Here’s a question for you: Why are rabbits such a prominent symbol of a holiday that celebrates Jesus’ resurrection? And while we’re on the subject, why are those rabbits often made out of chocolate?
As you might have guessed, rabbits have less to do with Jesus and more to do with the season. Since pagan times, rabbits have been closely associated with spring and fertility because they tend to be, well, quite fertile right around this time of year. Oddly enough, in ancient times it was believed that rabbits could reproduce without mating, which reminded early Christians of another immaculate conception.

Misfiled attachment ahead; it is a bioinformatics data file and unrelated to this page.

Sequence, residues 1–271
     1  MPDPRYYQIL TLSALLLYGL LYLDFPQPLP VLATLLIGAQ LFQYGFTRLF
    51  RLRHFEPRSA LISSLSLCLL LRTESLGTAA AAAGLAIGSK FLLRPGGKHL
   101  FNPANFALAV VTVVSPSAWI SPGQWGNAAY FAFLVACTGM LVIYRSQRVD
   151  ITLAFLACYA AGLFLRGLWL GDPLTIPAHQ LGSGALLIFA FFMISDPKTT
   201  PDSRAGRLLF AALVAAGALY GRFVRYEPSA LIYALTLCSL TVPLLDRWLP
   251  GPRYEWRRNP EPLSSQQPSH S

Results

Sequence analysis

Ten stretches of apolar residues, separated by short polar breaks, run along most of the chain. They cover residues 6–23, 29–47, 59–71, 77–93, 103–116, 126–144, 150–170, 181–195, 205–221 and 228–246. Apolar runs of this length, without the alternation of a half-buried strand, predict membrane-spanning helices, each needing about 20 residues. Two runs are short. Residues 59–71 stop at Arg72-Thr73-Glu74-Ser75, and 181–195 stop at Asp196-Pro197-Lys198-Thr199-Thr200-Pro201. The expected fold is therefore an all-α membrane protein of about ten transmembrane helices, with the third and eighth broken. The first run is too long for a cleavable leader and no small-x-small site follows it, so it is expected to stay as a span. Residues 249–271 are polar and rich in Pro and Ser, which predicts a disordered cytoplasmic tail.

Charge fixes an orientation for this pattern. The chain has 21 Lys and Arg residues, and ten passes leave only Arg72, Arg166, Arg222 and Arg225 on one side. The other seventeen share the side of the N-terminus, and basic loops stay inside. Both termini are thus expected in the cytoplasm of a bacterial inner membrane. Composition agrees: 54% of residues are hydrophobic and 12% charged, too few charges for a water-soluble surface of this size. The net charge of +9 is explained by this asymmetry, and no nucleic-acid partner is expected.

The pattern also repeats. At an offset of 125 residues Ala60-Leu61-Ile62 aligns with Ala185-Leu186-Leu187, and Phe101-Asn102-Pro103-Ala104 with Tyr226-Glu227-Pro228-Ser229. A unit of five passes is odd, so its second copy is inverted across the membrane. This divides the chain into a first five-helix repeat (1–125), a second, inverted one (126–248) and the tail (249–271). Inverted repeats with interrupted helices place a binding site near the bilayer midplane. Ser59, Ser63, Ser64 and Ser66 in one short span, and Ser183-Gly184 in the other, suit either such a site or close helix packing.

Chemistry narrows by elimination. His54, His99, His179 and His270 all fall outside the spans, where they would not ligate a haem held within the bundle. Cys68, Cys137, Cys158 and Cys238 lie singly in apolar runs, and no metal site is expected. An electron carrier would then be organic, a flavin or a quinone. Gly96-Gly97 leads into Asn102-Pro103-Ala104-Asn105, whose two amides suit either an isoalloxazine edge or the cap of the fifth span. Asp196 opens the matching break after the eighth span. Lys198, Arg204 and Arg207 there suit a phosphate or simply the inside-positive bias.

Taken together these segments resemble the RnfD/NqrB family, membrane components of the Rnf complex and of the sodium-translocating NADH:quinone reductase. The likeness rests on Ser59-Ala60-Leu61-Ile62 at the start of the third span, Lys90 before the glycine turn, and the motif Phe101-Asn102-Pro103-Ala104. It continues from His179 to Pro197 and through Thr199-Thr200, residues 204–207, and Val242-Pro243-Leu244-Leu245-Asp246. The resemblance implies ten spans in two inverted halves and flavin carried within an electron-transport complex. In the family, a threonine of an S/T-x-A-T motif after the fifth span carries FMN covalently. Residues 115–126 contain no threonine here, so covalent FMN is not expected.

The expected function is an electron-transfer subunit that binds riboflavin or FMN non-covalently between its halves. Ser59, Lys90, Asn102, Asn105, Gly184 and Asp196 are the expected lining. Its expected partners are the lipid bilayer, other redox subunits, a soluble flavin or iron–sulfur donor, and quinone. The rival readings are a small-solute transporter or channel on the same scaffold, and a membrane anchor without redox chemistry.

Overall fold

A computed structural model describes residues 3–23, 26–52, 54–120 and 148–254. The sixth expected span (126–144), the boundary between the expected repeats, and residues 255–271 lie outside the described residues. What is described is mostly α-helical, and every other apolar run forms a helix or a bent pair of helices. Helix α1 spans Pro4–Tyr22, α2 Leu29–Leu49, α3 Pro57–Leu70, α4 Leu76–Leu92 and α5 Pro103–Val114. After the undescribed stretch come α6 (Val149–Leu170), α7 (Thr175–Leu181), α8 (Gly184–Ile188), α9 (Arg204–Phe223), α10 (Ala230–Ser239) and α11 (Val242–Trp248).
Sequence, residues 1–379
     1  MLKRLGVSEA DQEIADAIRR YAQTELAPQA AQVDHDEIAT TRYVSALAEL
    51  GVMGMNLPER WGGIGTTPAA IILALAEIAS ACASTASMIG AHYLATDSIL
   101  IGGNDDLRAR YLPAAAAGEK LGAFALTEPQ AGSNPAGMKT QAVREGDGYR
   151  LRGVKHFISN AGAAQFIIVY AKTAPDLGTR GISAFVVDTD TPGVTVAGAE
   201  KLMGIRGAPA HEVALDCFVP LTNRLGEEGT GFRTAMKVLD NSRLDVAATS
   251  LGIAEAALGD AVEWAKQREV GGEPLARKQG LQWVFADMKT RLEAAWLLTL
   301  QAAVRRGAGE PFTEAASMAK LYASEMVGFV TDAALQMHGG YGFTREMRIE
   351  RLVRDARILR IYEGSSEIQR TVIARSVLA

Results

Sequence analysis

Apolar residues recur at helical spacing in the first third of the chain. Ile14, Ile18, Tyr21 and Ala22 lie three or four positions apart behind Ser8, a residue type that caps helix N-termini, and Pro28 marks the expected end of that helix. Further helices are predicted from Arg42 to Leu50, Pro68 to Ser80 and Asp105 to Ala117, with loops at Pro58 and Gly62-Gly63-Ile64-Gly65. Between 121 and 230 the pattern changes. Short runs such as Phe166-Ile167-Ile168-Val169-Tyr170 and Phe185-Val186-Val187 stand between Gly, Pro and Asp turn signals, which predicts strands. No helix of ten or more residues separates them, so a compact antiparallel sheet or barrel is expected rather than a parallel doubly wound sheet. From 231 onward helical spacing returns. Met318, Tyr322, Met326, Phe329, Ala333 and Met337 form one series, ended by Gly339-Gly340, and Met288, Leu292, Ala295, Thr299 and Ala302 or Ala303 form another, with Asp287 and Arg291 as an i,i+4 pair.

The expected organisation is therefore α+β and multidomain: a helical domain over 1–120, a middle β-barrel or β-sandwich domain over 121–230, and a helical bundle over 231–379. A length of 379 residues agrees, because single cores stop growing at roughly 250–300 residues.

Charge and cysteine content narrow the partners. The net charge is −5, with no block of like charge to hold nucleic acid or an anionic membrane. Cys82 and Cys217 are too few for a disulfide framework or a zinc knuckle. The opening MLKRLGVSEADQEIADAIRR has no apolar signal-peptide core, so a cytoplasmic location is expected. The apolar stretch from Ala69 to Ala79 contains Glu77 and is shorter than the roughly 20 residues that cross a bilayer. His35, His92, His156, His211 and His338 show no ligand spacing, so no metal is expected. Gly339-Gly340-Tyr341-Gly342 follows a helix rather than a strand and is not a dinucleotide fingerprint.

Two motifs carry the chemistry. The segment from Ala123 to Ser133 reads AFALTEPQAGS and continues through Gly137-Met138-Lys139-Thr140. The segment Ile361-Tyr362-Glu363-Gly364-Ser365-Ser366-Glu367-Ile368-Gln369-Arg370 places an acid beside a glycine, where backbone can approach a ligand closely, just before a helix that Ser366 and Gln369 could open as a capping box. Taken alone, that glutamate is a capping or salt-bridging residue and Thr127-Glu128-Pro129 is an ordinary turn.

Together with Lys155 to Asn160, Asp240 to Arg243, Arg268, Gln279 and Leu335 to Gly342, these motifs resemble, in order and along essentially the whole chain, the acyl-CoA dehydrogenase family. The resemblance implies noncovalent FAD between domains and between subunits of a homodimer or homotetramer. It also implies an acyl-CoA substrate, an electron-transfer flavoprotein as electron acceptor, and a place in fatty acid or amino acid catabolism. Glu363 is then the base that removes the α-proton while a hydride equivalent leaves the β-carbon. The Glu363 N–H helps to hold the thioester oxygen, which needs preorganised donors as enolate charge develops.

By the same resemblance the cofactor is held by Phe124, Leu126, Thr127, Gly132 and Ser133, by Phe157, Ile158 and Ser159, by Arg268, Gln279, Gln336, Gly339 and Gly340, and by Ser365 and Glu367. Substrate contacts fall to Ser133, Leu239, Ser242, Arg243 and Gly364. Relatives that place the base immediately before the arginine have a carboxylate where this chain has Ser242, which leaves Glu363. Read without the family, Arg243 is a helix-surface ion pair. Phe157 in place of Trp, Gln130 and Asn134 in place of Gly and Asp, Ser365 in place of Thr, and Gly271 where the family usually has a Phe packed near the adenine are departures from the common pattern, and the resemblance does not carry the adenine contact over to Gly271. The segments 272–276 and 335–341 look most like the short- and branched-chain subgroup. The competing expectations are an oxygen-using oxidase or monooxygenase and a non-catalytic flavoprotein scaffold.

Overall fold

The concept of the Easter bunny as we know it today came into being in the 1600s in Germany, and by the mid-1800s, with German immigrants firmly ensconced in the U.S. and chocolate (more or less) readily available, some enterprising chocolatiers decided to mold them out of chocolate. The tradition really caught on in 1890, when a Pennsylvania drugstore owner named Robert Strohecker placed a five-foot-tall chocolate bunny in his display window.
Chocolate bunnies were actually traditionally made out of solid chocolate until the 1940s, when World War II rationing necessitated the change to the now-common hollow form.